In southern Oklahoma’s Richards Spur, a region with a rich paleontological tapestry, scientists have unraveled a time-traveling tale. They discovered what is now regarded as the oldest known fossilized reptile skin, providing a fascinating glimpse into the evolutionary past. Ethan Mooney, the lead study author and a biology master’s student at the University of Toronto, characterizes the discovery as “quite an incredible story.”
A glimpse into the past: beyond mammals and dinosaurs
This relic, a slice of skin the size of a fingernail, provides a glimpse into an ancient epoch before both mammals and the oldest dinosaurs. This find, which dates back an estimated 286-289 million years, is more than 130 million years older than comparable samples. Mooney emphasizes the significance, writing, “It represents the first chapter of higher vertebrate evolution.”
The Richards Spur
Richards Spur, previously an open limestone cave, turned into a fossil-rich site between 286 and 289 million years ago. The site’s unique conditions, marked by oxygen-poor sediments and oil seeps, created a haven for preservation. Mooney goes on to say, “The sheer chance for a soft tissue structure to be preserved…is quite an incredible story.”
A mummified relic: fom fragility to resilience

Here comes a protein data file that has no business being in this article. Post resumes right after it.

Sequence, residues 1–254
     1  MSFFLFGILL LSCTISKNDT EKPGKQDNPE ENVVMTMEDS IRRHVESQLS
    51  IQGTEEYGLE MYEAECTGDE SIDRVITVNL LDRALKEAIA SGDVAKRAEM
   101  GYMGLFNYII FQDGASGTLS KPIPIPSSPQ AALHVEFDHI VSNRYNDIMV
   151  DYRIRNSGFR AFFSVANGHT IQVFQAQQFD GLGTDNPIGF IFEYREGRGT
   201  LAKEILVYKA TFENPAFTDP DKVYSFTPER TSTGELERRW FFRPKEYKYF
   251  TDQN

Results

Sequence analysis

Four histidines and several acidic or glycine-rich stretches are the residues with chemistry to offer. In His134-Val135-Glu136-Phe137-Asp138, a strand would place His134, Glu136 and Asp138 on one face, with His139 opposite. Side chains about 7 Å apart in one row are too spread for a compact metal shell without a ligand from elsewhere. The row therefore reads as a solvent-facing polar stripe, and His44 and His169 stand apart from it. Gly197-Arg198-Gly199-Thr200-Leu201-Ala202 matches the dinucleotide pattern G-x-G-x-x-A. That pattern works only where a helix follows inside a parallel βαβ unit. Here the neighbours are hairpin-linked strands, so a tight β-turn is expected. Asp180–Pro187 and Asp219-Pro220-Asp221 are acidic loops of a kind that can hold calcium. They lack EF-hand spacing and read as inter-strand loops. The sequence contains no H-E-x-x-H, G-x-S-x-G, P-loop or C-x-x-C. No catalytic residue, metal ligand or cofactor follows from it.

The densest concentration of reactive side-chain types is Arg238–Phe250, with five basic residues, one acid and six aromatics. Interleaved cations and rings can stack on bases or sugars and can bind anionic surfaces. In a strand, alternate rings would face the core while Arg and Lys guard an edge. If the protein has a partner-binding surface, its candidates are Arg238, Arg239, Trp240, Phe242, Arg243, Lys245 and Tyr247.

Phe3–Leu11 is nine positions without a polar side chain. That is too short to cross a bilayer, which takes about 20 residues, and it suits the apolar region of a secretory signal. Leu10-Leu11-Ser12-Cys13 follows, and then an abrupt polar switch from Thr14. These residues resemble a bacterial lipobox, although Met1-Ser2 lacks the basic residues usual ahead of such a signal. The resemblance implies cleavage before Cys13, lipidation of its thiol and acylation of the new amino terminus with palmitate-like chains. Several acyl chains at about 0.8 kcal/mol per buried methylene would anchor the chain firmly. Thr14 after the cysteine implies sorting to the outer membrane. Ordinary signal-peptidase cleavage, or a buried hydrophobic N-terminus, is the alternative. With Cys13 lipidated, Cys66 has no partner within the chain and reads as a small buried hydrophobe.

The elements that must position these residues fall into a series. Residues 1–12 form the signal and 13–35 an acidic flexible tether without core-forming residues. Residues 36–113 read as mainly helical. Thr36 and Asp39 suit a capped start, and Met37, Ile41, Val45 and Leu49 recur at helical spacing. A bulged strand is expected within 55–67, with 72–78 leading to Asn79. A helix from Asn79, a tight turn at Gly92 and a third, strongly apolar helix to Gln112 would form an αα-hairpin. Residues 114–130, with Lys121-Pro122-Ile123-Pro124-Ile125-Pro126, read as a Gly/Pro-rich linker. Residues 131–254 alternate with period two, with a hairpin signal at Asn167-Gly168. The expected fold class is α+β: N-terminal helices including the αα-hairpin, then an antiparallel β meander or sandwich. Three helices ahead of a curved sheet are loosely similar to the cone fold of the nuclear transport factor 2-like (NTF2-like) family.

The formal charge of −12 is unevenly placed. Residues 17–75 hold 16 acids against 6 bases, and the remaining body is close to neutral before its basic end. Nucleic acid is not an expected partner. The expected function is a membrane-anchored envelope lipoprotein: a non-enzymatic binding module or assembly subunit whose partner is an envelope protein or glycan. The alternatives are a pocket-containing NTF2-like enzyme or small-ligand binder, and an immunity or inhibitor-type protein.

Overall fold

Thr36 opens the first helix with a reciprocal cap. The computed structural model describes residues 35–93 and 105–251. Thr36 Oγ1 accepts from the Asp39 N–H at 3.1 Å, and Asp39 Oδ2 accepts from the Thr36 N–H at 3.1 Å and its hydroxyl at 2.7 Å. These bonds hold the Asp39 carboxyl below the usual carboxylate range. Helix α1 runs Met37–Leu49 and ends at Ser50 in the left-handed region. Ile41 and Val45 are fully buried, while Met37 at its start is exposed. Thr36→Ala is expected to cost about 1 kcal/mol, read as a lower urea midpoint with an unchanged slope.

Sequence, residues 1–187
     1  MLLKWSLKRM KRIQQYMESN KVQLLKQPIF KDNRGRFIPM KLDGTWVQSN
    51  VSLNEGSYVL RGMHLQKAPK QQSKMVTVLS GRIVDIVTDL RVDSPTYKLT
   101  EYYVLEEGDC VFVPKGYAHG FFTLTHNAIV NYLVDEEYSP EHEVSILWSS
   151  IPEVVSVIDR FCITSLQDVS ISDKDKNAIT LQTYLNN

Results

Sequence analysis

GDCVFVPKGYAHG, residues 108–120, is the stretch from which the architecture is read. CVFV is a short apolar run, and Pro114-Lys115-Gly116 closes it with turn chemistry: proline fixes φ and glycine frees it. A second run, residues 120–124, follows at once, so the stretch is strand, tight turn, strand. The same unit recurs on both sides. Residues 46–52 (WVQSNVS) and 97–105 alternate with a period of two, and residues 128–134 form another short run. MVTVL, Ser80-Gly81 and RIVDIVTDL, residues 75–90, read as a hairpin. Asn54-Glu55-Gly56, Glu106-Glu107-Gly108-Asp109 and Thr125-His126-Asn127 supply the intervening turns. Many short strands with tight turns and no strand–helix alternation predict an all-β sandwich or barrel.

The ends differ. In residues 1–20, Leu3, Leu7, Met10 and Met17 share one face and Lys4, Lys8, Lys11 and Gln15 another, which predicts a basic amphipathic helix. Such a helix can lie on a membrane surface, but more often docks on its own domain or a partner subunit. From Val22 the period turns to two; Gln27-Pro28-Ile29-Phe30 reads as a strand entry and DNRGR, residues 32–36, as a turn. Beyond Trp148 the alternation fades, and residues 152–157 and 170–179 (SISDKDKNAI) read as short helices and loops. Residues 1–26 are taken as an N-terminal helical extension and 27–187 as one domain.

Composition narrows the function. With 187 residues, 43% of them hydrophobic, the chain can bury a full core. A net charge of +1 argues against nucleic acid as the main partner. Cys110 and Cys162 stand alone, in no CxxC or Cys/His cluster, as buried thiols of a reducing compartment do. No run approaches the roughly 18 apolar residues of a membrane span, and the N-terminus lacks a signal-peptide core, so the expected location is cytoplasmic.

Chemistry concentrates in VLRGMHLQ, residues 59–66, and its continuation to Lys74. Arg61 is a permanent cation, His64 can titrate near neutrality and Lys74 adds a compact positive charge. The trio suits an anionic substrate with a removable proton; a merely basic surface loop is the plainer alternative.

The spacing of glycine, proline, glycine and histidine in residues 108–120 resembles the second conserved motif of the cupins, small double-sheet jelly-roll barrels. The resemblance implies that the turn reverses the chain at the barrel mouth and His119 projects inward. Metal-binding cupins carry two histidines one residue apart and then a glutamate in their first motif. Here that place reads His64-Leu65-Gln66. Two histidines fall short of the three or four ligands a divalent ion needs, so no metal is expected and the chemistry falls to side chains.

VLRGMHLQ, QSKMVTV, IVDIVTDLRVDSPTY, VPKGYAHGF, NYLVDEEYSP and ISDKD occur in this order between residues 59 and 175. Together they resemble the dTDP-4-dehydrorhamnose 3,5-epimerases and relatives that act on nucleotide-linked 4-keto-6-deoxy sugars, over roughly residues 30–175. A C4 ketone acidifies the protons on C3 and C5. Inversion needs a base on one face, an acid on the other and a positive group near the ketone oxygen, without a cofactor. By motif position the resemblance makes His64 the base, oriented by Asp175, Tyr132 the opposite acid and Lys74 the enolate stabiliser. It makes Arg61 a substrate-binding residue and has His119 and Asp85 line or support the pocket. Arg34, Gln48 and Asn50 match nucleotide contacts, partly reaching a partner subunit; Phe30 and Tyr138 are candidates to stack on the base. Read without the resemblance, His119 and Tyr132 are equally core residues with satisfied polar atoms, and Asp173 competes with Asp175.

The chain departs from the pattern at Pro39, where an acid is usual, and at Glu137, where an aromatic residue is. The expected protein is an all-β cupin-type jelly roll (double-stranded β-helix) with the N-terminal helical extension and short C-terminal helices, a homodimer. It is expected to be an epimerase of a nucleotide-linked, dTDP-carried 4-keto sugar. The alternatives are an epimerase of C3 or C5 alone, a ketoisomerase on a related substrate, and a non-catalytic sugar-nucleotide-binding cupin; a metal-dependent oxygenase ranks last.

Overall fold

Soft tissue, which is rare in fossils, decays before it can be preserved. However, the skin specimen from Richard’s Spur defies expectations. Tea Maho, a study co-author, recalls the delicate nature of the find, stating, “If you were to have pressed it a little too hard, it would have just cracked.” The chance preservation adds another element to the fascinating story.
Identifying the mysterious skin: Captorhinus Aguti’s legacy
While the exact reptilian source is unknown, the researchers suspect that Captorhinus aguti, a lizard-like creature from the Permian Period, was the original possessor. The similarities between the skin sample and the skeletal remains of C. aguti discovered on the site give persuasive evidence.
The ancient skin’s uncanny likeness to modern crocodile skin is an intriguing revelation. Mooney emphasizes, “The fact that we have an example from one of these earliest reptiles and it’s quite consistent with what we see in modern reptiles underscores how important that structure was.” The findings give concrete evidence for the importance of skin adaptation in the transition from aquatic to terrestrial settings.
Evolutionary milestones: lessons from 289 million years ago
As scientists continue to peel back the layers of Richards Spur, each fossil discovered adds a brushstroke to the changing picture of Earth’s past. Nearly 300 million years ago, life looked very different, but as Mooney proposes, “reptile skin might not have.”
In the silent depths of an Oklahoma quarry, a paper-thin relic whispers secrets from ages ago, challenging our understanding of the ancient dance of life and time.
Source study: Current Biology—Paleozoic cave system preserves oldest-known evidence of amniote skin